13. Lisa Rae Cunningham says:

    I’m a sucker for beach imagery – beautiful, gritty, pristine, dirty, I take it as it comes. This is raw. I was in it, which is cool. I liked the characters drifting in and out of landscape too.

    • Thank you, Lisa. That is honesty pretty much all I was going for. I absolutely love beaches – even the dirty ones – but this was a step too far for me. It was a horrible place. I think “raw” is a fairly apt description.

  14. Cynthia Hawkins says:

    Yeesh! And gross! But, you know, it’s not very much different than the Texas coast what with the refineries and off-shore drilling, etc. I had to laugh about a week ago when our local news showed evidence of “tar-balls on the beach!” Apparently, they’d tested these to determine these weren’t our usual tar balls. Though smaller, these were the *infamous* tar balls from the Deep Horizon disaster. And said tar balls were shown wedged in the sand amidst cigarette butts and pull tabs.

    By the way, speaking of Asian toilet habits, ever heard of the Modern Toilet restaurant in Taiwan? Fecal-looking food is served in mini toilets while you sit on a toilet seat. Their mascot is a shit dollop: http://matadornights.com/modern-toilet-restaurant-a-good-place-to-let-yourself-go/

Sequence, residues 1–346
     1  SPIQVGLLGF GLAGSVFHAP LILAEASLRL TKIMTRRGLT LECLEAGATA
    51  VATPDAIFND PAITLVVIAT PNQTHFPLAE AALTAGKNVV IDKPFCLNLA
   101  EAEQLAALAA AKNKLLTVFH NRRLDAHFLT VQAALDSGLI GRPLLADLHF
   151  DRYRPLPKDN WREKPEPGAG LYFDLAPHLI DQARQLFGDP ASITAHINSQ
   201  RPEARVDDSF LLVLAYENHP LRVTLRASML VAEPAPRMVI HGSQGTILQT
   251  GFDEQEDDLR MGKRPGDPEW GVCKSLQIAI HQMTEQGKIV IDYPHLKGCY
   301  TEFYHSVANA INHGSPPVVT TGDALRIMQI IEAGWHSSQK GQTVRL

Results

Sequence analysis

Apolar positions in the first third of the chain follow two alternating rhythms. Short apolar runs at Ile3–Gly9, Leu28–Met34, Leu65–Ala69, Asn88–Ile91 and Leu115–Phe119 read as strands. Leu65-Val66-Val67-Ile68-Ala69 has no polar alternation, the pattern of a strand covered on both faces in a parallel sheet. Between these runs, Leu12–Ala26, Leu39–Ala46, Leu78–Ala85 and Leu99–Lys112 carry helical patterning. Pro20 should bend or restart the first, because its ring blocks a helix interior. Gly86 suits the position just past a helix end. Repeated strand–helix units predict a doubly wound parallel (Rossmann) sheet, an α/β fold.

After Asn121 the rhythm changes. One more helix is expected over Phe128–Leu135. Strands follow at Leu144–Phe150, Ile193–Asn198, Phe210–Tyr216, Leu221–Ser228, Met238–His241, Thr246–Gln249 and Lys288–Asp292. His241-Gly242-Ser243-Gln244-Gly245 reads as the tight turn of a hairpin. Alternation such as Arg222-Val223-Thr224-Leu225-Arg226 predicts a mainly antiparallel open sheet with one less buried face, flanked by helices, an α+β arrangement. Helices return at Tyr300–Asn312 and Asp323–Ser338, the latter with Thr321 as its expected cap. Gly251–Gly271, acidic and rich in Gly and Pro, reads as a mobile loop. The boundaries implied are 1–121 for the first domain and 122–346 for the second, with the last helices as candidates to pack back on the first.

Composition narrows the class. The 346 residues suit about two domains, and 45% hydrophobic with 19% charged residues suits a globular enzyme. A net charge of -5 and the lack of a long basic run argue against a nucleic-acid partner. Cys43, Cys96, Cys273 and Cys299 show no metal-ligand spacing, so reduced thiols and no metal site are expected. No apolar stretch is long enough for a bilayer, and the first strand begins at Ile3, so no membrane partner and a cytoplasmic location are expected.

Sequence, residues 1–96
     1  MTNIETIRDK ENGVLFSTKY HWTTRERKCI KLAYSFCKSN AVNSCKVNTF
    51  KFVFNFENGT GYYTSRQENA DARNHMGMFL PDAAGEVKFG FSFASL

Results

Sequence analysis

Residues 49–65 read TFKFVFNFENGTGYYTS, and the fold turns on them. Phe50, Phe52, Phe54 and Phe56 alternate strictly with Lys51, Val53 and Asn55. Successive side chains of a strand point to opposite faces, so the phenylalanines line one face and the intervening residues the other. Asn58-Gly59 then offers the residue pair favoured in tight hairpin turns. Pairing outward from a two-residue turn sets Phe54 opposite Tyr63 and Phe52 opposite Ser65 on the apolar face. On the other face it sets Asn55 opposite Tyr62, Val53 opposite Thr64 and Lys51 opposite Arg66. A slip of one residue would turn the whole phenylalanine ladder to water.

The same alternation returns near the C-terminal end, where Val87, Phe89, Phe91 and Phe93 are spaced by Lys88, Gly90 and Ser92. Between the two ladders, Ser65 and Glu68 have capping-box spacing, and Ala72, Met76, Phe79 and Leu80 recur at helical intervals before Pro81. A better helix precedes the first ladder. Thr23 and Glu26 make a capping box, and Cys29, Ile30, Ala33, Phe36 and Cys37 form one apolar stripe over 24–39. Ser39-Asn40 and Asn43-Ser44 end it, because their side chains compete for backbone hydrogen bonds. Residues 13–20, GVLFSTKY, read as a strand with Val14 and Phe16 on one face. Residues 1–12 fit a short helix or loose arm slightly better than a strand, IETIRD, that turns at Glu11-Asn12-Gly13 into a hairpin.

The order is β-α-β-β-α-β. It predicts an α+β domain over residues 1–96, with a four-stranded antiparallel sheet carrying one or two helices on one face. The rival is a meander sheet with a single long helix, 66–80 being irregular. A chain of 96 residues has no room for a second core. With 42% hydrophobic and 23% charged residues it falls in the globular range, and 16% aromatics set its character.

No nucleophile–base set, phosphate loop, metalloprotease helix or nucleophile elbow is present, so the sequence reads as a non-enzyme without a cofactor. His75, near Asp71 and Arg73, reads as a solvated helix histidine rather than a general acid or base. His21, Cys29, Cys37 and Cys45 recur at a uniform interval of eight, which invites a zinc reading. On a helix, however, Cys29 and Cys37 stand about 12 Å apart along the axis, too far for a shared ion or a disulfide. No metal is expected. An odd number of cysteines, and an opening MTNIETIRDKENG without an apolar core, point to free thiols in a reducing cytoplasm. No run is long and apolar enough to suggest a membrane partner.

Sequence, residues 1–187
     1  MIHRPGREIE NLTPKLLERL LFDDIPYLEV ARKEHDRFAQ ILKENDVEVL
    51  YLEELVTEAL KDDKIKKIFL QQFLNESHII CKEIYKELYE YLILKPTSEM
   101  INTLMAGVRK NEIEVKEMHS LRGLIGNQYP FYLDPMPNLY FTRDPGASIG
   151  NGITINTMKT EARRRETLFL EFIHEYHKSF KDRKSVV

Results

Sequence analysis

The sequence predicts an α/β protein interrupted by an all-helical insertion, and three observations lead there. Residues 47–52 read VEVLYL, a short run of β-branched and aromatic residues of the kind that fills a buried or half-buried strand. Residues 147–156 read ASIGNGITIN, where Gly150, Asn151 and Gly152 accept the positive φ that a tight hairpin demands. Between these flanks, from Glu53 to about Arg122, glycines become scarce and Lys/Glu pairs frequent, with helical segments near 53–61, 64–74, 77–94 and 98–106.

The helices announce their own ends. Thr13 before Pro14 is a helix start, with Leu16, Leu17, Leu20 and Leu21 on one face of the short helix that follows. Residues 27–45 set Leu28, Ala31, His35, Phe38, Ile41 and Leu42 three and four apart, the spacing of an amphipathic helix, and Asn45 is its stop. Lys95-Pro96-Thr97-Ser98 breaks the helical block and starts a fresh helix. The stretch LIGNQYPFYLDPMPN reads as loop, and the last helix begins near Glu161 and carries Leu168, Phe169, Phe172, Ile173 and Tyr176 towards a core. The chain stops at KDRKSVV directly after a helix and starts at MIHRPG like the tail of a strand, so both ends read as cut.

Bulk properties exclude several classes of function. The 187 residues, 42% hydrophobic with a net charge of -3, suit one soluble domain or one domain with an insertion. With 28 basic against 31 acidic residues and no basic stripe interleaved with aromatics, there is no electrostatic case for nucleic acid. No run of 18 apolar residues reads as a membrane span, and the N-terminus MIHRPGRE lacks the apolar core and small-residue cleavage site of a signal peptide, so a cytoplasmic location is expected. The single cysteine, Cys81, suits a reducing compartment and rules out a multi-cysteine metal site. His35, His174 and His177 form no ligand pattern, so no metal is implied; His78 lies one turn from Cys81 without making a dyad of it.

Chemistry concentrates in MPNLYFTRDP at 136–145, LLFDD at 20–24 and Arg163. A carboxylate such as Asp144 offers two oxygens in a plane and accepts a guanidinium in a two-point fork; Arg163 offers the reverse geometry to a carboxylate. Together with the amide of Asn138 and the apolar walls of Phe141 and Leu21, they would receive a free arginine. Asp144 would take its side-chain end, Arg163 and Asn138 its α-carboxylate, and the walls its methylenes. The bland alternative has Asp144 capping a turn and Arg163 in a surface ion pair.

• Ah yes, America has its fair share of nasty beaches these days. What a goddamn shame. I really love the beach, but it seems we’re more than willing to sacrifice them for big business. Disgusting.

      I’d never before heard of that restaurant… but now I’m definitely planning a trip back to Taiwan! That looks horrible, yet I’m compelled to check out.

  15. Becky Palapala says:

    He was peeking over your shoulder to make sure you weren’t talking smack about K-Pop.

    K-Poop, fine.

    K-Pop, absolutely not.

  16. Uche Ogbuji says:

    Ha! I know the Pohang Steelers because they’re always at the Club World Football Championships, all running like they have 3 lungs each, which I now see must be their evolutionary requisite to live where they do? And just read the Wikipedia article about Dokdo. 2 permanent denizens and a handful of police and coast guard and they dump 8 tons of waste into the sea every day?! WTF?!